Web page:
Studio International

Published 19/10/2020

Huma Bhabha – interview: ‘The more complicated and layered the work is, the better for me’

The artist explains how working for a taxidermist helped her with sculpture, why she is fond of materials that are basically refuse, and the nerdy humour that she hides in her work


Huma Bhabha’s explorations of the figure – human, divine, monstrous, alien – meld elements of the contemporary, the modern and the very ancient. Bhabha’s points of reference include science fiction and horror movies, including Alien and Terminator. In her transformation of found materials, she looks not only to arte povera, but the work of Robert Rauschenberg and Joseph Beuys. Often her sculptural works are pockmarked, abraded or part-destroyed, although this does not necessarily suggest ancient or archaeological origins: as the artist had pointed out, many places in the world are in a state of living ruin as a result of war, poverty or natural disaster.


Based since 2002 in Poughkeepsie, New York, Bhabha (b1962) moved to the US from Karachi, Pakistan in 1981, and studied printmaking at the Rhode Island School of Design before taking an MFA at Columbia University in 1989. Resident in New York during 9/11, she witnessed the xenophobia that accompanied US military intervention in the Middle East and Central Asia. We Come in Peace, her acclaimed 2018 Roof Garden Commission for the Metropolitan Museum of Art, New York, explored concepts of the alien and other. In 2019, her monumental bronze Receiver was installed in Wakefield as part of Yorkshire Sculpture International positioned, pointedly, at a public junction in the sightline of a statue of Queen Victoria.

Following They Live, a major survey at the ICA Boston in 2019, Against Time at the Baltic, Gateshead, is Bhabha’s first significant solo exhibition in Europe since her work was shown in Okwui Enwezor’s 2015 Venice Biennale. Works on paper – prints and drawings incorporating photographic and collage elements – line the gallery walls. Some present sculptural or monumental structures within deserts or ruined landscapes, others are studies of humanoid heads that emerge as more or less alien, more or less monstrous. Earlier sculptures include works such as Cargo Tomb (2005), in which unfired clay and horn have been mounted on an exposed armature of wire mesh and Styrofoam.


On a low-stepped ziggurat, Bhabha’s standing sculptures are arranged around the monumental Castle of the Daughter (2016). Carved in cork and Styrofoam, its legs and body apparently scarred and burned, the sculpture is named after the ruined Qala-e Dokhtar castle in Bamiyan, Afghanistan. A powerful broken idol in ancient and contemporary materials, Castle of the Daughter carries the horror not only of destruction at sites such as Bamiyan, but also of the value assigned to heritage sites relative to human life in the western media, and the use of cultural destruction to construct an image of a barbaric other.

Studio International talked to Bhabha about the show and the impact on it of the Covid pandemic.

Hettie Judah: How has it been setting this show up, long distance?

Huma Bhabha: The curator at the Baltic, Emma Dean, came to visit me in February, and so, since then, we’ve had a pretty clear idea. In the last few days, we’ve been having Zoom or WhatsApp conversations, so Emma can show me where things are. It’s been very smooth: it was all very well planned. Of course, you always have to tweak a few things, and swap certain sculptures because she and I had a good understanding that we didn’t want it to be too crowded. I like my shows to be very minimal, so that there’s enough time and also room, to let the different works unfold. I like a lot of space.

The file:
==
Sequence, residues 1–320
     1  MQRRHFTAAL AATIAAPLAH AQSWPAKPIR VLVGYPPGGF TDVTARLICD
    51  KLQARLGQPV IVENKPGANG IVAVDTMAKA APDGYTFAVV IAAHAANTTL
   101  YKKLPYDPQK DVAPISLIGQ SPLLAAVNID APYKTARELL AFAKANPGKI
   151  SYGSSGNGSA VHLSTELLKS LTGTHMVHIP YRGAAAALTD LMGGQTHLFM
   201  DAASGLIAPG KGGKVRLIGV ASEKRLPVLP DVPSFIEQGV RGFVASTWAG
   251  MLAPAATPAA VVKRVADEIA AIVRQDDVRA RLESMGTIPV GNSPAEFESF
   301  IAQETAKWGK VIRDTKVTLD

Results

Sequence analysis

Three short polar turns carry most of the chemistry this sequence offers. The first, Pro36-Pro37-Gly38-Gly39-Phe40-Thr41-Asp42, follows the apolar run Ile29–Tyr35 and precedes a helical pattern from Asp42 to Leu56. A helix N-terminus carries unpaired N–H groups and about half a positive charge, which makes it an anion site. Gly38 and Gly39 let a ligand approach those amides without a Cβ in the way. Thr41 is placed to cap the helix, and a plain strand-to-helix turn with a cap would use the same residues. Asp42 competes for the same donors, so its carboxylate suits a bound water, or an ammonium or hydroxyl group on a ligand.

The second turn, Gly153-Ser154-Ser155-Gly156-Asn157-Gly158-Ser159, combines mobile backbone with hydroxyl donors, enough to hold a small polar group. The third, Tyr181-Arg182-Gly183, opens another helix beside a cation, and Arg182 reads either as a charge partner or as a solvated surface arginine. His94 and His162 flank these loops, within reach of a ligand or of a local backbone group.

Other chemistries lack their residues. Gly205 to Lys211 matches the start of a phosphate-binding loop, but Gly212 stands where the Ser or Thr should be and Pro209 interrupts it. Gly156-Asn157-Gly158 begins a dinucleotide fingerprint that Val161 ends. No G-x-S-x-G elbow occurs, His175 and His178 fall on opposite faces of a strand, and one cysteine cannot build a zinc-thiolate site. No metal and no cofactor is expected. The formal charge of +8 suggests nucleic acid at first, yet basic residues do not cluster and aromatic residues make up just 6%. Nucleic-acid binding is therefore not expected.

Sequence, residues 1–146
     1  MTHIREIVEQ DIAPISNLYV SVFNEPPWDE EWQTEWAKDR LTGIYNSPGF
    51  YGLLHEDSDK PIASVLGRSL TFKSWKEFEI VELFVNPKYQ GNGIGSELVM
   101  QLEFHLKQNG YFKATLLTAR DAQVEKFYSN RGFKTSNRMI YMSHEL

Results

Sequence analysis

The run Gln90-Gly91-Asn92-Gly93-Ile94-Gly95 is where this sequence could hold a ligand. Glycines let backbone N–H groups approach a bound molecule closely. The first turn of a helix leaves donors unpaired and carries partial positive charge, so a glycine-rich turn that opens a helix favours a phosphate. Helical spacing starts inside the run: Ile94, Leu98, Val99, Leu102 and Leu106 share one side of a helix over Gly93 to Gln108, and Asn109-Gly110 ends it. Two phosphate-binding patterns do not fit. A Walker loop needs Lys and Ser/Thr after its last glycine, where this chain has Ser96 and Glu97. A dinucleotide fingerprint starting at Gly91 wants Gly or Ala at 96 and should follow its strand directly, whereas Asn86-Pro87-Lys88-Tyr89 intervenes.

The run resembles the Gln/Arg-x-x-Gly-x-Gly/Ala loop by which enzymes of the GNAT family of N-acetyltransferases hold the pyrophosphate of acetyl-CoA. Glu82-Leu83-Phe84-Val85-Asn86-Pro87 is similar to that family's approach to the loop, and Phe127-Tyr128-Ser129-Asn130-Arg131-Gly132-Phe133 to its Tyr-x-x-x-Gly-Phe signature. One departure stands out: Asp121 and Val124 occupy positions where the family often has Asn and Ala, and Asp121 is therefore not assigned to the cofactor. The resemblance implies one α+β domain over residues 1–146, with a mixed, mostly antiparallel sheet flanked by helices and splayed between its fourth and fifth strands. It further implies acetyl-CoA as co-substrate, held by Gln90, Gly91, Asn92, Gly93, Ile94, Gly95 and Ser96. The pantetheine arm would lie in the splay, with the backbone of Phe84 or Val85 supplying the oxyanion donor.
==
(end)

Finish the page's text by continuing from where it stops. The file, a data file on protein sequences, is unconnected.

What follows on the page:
HJ: There are two levels that I read into the show’s title, Against Time. Part of the intrinsic language of sculpture is the idea of defeating time, of things that endure almost like a bastion against time, living long past a human lifetime. In your choice of materials, particularly your use of waste and found objects in works such as Cargo Tomb (2005) and Atlas (2015), you seem to have an ambivalent, or even antagonistic relationship to this idea of sculptural permanence.

HB: I’ve been making sculpture for quite a long time and, initially, a lot of my choices of materials were based on what I could afford. I think that is interesting because it’s a challenge to either try to use materials and completely transform their appearance, or try to integrate them when they have their own appearance and identity. I am very fond of those kinds of materials, which are basically refuse. Bronze, which is completely permanent, I think it will last longer, but then, at the same time, materials such as Styrofoam will also last. I also like the ruined surface of sculptures.

HJ: There is another aspect to Against Time – the idea of there being particular kinds of form for a particular time. Whether that is objects that speak to modernism, or of a particular archaeological or a devotional era. Do you aim to create objects that do not look part of their own time? Your work has that temporal ambiguity.

HB: I think the issue of originality comes into play. I look at a lot of stuff, but at the same time the work has its own unique presence. Even though the materials are familiar and the references are there, it doesn’t look exactly like something that I’m thinking about. Working in the way I do gives the work its presence, original and unique in the way the materials are combined. The bronzes are, of course, bronze, but at the same time the original materials are very humble. Their presence is completely transformed once it’s in a different material, but it’s still interesting because you don’t know exactly what it is until somebody tells you: “Well, this is actually cork, and that’s carved Styrofoam.”


HJ: Have you worked right from the start of your sculptural career with found objects, and found materials?

HB: Yes, because I wasn’t able to afford a lot of other stuff. Being introduced to assemblage and collage when I was a student already opened it up: you can basically make art of anything, and use all kinds of materials. I was interested in that kind of work. You can see in some of the clay and Styrofoam mixed media works: they are definitely an assemblage of materials that I respond to.

HJ: To what extent do you respond to the materials you have found or have available, and to what extent are you working with a pre-existing idea?